Online Advertisers Pick an Easy Target: Reality TV

“Branded canvas” ads pull reality shows’ vibrant online communities into commercial environments

Where consumers go, advertisers will follow.  And with reality TV viewers flocking to some of the most active communities on the Internet, sponsors have found a rich new playground on their sites.

Whether advertisers are repurposing old TV spots or coming up with new, interactive features to lure "American Idol" and "Dancing With the Stars" fanatics, companies like Sprint and Acura have made reality sites a favored landing spot for commercial content, and a place to try out innovations in online sponsorship.  

The media players that stream full episodes on most of the network sites, for instance, often find the episodes preceded by versions of normal broadcast ads, sometimes shortened to 5- or 10-second bumpers and some running a full 30 seconds.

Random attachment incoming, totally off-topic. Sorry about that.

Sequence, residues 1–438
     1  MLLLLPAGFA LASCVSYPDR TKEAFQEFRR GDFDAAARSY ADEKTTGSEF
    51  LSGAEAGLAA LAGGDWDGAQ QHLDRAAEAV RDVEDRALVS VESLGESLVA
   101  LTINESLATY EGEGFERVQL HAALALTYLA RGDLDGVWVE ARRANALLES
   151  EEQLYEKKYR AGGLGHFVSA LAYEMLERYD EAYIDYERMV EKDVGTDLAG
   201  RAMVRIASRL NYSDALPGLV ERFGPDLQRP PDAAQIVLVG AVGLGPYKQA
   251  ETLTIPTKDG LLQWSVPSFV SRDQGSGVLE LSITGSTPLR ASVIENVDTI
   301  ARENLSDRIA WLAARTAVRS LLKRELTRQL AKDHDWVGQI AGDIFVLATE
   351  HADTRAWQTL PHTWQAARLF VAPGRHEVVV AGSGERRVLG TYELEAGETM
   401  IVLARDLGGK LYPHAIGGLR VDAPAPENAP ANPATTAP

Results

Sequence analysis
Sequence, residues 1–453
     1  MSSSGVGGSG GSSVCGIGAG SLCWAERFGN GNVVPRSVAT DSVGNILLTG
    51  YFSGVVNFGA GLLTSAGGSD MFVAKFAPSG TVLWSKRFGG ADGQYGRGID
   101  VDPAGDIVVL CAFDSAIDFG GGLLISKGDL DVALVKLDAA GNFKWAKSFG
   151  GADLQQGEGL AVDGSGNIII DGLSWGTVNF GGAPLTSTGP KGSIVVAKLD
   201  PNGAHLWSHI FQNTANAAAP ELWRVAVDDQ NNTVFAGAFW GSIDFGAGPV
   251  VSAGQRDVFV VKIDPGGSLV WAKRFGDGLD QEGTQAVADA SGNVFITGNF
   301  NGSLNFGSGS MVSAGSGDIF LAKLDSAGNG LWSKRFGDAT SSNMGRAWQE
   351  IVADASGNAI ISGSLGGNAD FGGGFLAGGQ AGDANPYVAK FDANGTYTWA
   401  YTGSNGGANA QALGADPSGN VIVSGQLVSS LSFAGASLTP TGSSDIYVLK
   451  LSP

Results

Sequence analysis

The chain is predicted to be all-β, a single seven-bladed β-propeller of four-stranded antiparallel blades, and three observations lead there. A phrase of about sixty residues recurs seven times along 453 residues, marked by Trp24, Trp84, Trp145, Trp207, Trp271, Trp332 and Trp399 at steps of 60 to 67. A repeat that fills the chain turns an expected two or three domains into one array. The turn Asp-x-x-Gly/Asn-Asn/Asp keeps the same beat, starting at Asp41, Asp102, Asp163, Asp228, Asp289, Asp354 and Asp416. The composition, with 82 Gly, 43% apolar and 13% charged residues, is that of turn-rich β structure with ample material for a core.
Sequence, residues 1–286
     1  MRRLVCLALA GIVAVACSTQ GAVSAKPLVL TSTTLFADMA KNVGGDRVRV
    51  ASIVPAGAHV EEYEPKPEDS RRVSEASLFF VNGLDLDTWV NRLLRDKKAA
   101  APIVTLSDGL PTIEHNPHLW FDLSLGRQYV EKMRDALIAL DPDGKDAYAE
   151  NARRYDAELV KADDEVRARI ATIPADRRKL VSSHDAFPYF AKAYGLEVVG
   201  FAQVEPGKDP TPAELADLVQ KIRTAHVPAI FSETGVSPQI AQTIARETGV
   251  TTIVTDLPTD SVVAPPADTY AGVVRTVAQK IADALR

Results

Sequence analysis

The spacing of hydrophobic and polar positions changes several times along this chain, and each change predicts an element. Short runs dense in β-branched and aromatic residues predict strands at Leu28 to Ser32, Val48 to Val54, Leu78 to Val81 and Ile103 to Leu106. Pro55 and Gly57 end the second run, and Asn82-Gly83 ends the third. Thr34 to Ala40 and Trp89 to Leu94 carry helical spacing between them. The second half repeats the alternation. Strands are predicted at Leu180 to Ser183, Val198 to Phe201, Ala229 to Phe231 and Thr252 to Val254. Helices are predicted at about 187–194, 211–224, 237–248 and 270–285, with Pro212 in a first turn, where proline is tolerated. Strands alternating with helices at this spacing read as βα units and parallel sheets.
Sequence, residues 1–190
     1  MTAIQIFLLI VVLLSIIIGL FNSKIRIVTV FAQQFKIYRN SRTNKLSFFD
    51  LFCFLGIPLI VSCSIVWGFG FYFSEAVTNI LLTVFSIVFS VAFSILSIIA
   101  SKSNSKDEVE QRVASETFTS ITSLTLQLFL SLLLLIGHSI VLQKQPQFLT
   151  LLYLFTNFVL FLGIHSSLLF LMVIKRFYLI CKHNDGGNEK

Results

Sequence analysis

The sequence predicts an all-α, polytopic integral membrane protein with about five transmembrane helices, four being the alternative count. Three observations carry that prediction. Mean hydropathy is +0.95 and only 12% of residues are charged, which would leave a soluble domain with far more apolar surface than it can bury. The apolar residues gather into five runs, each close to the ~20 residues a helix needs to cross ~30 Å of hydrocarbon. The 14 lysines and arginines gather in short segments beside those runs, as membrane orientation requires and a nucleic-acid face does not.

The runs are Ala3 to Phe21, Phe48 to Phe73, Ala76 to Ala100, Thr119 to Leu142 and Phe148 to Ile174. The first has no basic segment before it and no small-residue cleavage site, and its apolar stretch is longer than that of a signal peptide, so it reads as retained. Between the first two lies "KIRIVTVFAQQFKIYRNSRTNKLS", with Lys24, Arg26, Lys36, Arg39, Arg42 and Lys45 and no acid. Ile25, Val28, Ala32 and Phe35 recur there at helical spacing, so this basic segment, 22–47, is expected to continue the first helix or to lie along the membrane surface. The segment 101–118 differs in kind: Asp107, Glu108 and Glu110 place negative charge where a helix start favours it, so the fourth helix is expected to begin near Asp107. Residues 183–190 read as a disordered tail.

On the official “Survivor” site – a site that is prominently sponsored by Sears – full episodes of the series are preceded by a brief Sprint logo, and interrupted periodically for a Chevron commercial.

At the “Dancing With the Stars” website, meanwhile, viewers are told the show is presented “with limited commercials by Cesar Canine Cuisine.”

But straightforward ad content like that is just the first step, says Bryan Hjelm, the VP of marketing for Unicast, an interactive advertising and marketing company for online publishers and ad agencies.
“Some advertisers are using short repurposings of broadcast TV spots as pre-roll bumpers,” he says. “But the leading advertisers are starting to realize that they can extend the connection with what we call ‘branded canvas’ ads, which essentially allow advertisers a blank canvas to introduce more and more interactivity into an ad spot that is focused on or around online video content.”